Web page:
Busing Redux, Again

About two weeks ago I had an essay in City Journal on Biden and busing. I could have said more about Biden, such as how utterly unconvincing his attempt to qualify his longstanding opposition to busing was. For example, the day after his disastrous debate performance he argued, according to the New York Times report, that he “‘did not oppose busing in America,’ Mr. Biden said. ‘What I opposed is busing ordered by the Department of Education…. [I] never, never, never ever opposed voluntary busing’ like the program Ms. Harris participated in as a child, implicitly drawing a distinction between voluntary busing allowed by some local governments and the mandatory, court-ordered busing that also took place decades ago.”

In fact, far from limiting his opposition to federally imposed busing, in 1975 then Senator Biden supported an amendment by Senator Jesse Helms, and later offered his own when that was tabled, that would cutoff “any Federal funds for any school or school district because, they, in fact, assigned teachers or students to classes or schools because of race.” Had those provisions passed, the Berkeley school district would have been prevented from imposing the busing program experienced by little miss Harris.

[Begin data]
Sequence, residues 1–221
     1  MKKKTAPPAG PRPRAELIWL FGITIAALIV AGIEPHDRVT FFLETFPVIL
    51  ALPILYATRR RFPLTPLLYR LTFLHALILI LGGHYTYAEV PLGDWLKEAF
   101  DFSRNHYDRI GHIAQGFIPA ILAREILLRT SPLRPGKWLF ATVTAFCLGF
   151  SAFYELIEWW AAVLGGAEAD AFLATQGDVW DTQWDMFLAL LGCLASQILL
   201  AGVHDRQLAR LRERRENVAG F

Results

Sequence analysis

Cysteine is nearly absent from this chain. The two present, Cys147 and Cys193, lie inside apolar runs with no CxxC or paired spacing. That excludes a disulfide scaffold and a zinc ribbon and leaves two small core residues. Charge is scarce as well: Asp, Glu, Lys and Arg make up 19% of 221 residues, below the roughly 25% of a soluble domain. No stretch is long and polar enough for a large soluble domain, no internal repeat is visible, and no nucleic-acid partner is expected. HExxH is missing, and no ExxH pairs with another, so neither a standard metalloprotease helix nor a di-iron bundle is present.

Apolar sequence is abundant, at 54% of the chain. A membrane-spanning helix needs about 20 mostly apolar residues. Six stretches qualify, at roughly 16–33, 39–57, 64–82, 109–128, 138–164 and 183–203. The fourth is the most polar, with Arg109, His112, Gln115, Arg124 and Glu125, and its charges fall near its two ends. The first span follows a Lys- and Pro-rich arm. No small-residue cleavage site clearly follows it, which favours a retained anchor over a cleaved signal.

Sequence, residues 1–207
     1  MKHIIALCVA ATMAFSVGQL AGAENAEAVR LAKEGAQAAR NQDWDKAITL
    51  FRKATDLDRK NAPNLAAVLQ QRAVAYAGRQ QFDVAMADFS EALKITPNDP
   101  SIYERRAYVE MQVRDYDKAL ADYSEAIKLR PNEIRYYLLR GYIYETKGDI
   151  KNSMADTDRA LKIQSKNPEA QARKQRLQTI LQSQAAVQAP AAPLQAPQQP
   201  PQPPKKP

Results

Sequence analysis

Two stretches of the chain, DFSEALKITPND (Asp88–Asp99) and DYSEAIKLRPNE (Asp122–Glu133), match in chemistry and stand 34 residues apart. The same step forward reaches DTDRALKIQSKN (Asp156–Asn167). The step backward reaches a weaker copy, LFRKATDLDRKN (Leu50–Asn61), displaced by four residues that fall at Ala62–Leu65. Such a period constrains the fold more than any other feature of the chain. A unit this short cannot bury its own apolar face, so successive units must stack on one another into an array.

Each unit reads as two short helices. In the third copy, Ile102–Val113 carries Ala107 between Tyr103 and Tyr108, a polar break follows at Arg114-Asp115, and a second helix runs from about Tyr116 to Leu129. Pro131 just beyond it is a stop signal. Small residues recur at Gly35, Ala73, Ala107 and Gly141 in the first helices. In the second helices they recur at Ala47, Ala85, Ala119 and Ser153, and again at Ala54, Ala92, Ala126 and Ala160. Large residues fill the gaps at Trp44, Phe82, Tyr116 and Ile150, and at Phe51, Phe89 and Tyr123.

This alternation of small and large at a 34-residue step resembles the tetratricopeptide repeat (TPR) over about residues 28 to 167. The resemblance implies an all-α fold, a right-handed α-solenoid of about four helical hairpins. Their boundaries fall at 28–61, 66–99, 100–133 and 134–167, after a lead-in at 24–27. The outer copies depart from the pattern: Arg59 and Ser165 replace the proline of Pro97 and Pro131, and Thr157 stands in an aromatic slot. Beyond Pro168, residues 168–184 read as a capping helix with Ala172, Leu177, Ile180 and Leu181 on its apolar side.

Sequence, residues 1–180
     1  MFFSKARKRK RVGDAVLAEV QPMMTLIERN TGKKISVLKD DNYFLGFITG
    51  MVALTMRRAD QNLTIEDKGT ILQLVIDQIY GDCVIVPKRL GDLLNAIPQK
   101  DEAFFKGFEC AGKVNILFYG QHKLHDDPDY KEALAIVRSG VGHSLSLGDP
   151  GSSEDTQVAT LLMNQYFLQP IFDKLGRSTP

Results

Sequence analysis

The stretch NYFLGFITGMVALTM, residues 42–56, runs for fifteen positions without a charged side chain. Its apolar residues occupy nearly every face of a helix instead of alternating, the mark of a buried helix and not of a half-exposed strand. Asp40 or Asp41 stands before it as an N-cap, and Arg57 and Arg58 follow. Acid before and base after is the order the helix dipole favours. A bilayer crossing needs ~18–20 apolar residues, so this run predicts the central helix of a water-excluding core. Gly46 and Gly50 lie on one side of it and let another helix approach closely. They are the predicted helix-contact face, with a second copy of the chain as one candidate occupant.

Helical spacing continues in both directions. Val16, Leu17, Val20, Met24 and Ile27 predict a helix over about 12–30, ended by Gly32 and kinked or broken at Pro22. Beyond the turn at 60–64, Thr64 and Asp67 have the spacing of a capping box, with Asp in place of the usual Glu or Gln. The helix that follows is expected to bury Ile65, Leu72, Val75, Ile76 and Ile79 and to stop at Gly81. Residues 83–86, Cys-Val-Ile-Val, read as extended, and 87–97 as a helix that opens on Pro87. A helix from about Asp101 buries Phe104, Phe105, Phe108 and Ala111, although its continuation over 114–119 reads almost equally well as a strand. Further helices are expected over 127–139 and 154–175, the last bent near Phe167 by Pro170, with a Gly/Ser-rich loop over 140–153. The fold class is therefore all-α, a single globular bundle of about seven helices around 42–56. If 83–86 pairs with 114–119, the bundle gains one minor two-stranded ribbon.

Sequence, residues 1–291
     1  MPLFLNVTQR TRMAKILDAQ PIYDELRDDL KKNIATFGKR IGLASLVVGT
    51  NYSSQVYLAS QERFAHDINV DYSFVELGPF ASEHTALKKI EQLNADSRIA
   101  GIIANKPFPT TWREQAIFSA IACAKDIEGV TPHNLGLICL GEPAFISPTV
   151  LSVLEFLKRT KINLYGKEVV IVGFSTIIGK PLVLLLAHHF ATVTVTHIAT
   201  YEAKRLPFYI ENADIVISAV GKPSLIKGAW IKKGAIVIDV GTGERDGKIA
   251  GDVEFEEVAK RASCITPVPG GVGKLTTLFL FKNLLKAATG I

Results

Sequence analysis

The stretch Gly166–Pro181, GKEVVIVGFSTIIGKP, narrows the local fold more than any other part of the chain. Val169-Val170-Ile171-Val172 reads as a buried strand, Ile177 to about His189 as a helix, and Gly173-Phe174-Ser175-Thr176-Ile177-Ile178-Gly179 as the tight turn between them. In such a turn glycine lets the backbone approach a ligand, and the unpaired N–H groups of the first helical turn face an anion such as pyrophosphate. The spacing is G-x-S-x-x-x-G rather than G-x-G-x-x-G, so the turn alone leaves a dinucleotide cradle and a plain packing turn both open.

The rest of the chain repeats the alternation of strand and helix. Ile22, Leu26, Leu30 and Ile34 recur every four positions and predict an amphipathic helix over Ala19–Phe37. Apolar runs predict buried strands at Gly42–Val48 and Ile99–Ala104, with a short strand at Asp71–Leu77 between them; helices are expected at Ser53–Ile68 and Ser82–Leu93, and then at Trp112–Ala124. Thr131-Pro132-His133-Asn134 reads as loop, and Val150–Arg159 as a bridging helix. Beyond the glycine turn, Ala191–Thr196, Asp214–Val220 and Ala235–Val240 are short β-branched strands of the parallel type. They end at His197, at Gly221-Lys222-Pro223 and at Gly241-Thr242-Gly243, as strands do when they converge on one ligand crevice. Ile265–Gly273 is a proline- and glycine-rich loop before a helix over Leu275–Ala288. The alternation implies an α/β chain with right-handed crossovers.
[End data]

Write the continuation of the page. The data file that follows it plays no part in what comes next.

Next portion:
But enough about Biden, at least for now. The controversy over busing to achieve racial balance in schools, put back on the table by the recent Democratic presidential debates after being dormant for decades, has always been something of a racial Rorschach test. Progressives look at the white and black ink blots being moved from their neighborhoods and see the promotion of integration and “equity”; conservatives see what liberals used to see but no longer do: a Constitutional offense — the state classifying individuals and imposing benefits and burdens based on race.

Because it touches so many of the exposed nerve endings of our current fixation on race, this controversy is not likely to go away soon, even in the face of Biden’s predictable attempts to clarify and qualify what was his full-throated opposition to busing in the 1970s and beyond. Thus on July 1, in “Democrats convulse over race as debate exchange reverberates,” the Washington Post quoted the founder of a group dedicated to bolstering women of color in politics, Aimee Allison, stating that “It’s not really about busing. It’s about what [the Democratic candidates’] commitment to racial justice looks like.”

Apparently to the Post racial justice looks very much like busing, since it continues to harp on the subject. For example, in a long article on July 7 it described busing as “effective but never popular,” claiming that “later, evidence would emerge that busing improved outcomes for black students, with no harm to white students. But that evidence came far too late to change public perceptions of a program that was hugely unpopular among whites and left blacks divided.”